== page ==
Teetering above the treetops – and in some cases, among the clouds – these precarious places balanced on cliffs and mountains seem to completely defy gravity. From clifftop castles and citadels to sky-high serpentine roads carved into steep slopes, scroll through to see 30 of the most perilous attractions on the planet.
Snaking around the Tianmen Mountain in the Hunan Province of central China, this deadly-looking road is also known as the 99-Bend Road, for the fact it contains a whopping 99 twists and turns spread across seven miles (11.3km). For visitors wishing to keep their breakfast down, a cable car typically operates between City Garden downtown and the mountain’s summit.
The ancient fortress town of Bonifacio has centuries of crashing waves to thank for its precarious position – the limestone cliffs below have been gradually eroded away to the point that the citadel looks poised to topple into the sea. Located on the southern tip of the French island of Corsica, it’s the island’s oldest town, having been founded in AD 830.
Shrouded in centuries of mystery and desert dust kicked up by countless intrepid explorers, River House Ruin in Utah was built by ancestral Puebloans between AD 900 and the late 1200s. The rocky dwelling, nestled within vibrant sandstone rocks around 12 miles (19km) southwest of the town of Bluff, is covered in ancient cave drawings known as petroglyphs which give a fascinating insight into Utah’s ancient history.
With its higgledy-piggledy streets, Baroque cathedral, and abundance of characteristic little houses, Sant’Agata de’ Goti packs all the charm you’d expect from a medieval Italian town. But with a twist. This historic gem perches delicately on a steep, sheer bluff above a river gorge, giving it a feeling of being cut off from the rest of the world.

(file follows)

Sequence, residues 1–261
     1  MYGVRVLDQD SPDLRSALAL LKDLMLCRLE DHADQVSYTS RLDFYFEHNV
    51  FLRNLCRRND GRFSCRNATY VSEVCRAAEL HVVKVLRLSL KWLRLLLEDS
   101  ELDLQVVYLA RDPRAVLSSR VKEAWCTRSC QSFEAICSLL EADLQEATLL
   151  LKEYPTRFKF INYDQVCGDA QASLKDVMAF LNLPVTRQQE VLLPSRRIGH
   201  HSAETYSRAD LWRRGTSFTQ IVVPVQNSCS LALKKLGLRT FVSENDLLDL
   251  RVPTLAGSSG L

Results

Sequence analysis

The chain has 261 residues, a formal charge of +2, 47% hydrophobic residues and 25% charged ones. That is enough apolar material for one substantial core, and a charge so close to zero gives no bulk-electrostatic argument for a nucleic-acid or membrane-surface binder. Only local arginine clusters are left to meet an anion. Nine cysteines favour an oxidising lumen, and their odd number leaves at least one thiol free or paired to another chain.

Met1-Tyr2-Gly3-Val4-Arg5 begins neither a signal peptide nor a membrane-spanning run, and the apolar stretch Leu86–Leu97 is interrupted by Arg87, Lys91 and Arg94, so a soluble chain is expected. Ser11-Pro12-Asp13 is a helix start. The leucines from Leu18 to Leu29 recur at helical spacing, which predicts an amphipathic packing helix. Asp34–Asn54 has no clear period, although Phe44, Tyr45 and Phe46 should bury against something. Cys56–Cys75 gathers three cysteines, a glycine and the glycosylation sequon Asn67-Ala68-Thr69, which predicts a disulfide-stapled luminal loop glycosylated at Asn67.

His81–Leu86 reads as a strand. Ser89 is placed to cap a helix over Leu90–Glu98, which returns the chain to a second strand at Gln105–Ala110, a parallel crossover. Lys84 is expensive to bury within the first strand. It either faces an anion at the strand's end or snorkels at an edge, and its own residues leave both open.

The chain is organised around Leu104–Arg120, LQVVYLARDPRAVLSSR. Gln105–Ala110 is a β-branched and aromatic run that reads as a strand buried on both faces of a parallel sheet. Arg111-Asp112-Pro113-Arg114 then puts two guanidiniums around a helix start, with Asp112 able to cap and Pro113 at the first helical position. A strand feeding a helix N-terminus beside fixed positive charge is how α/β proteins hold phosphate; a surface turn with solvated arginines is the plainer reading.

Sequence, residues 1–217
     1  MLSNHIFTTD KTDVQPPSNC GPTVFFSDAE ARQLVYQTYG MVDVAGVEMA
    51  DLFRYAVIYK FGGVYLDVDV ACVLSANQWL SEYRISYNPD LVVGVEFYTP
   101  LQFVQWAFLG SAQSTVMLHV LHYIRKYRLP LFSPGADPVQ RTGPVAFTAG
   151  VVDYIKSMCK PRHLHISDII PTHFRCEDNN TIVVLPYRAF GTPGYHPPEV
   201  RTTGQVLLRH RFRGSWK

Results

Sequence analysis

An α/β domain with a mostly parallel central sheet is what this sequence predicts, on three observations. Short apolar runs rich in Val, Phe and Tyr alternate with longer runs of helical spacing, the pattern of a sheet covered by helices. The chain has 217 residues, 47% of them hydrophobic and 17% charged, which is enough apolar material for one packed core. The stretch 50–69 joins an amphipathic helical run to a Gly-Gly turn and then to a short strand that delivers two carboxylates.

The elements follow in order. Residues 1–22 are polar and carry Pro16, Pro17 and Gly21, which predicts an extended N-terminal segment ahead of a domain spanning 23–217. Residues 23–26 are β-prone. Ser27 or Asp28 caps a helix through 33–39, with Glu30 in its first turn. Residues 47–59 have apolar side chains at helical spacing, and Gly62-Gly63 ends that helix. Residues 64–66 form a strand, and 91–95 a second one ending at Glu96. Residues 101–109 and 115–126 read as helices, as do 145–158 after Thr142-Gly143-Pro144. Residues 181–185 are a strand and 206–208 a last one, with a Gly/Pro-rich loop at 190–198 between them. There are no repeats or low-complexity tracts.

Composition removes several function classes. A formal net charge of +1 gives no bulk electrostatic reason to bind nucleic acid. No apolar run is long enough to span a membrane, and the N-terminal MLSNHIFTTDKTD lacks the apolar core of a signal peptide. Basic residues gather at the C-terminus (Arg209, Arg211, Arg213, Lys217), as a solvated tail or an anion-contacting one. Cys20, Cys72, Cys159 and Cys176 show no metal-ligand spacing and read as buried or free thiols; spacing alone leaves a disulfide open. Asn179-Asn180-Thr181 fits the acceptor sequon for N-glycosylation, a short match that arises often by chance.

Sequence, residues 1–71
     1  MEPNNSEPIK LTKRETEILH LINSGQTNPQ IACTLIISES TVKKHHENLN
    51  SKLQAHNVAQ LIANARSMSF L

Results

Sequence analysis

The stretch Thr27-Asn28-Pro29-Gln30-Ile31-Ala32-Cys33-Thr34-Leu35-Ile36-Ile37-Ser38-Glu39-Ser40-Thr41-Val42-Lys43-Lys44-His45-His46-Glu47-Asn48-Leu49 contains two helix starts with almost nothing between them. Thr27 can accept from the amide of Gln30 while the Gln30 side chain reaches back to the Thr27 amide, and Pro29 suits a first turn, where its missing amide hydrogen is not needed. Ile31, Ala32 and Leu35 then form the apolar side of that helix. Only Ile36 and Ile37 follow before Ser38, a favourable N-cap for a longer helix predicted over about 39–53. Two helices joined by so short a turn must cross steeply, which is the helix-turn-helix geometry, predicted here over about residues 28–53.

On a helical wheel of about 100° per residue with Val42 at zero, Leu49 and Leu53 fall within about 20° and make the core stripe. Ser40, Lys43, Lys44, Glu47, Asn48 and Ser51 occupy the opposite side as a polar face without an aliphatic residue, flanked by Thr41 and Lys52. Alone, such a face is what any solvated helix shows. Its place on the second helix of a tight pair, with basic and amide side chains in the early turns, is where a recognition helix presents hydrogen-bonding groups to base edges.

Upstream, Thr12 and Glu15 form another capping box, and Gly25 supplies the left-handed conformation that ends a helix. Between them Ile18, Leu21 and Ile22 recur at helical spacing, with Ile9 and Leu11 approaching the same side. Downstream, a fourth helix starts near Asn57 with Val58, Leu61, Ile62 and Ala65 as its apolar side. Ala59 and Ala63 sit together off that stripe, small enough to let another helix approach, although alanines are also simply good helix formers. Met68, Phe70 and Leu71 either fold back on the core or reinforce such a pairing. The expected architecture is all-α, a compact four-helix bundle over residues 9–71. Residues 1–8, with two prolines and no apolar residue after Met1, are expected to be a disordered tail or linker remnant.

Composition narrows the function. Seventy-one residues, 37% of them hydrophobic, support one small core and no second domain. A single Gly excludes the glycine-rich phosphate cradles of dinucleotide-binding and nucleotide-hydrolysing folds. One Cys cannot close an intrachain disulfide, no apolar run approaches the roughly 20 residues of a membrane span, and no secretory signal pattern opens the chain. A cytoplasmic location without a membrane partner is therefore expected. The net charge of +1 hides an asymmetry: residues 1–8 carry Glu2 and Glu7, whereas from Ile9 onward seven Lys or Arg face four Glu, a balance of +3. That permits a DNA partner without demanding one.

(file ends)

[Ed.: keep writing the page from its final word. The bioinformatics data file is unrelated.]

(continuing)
Clinging to the edge of a cliff with panoramic views over the Paro valley in Bhutan, the Buddhist monastery of Paro Taktsang – also known as Tiger’s Nest Temple – is a sight to behold. Built in the 17th century, the sky-high temple rises a perilous 9,843 feet (3,000m) above the valley floor.
As clifftop monuments go, the Meteora Monasteries in Greece’s Thessaly region are about as famous as they get. And it’s not hard to see why. Perched upon 60 million-year old sandstone megaliths which rise an average of 1,000 feet (305m) into the air, these Byzantine monasteries are the rocks’ crowning glory. Built between the 14th and 17th centuries, today the area is one of the most visited in Greece, although visitors must climb 200 dizzying steps to reach Roussanou, the most famous of the monasteries.
Khardung La Pass in Ladakh, India, is the highest motorable road in the world. At an altitude of 18,379 feet (5,602m), this dizzyingly high road carves its way up the mountains and into the Nubra and Shyok Valleys, encompassing plenty of breathtaking panoramic views and more than a few twists and turns along the way.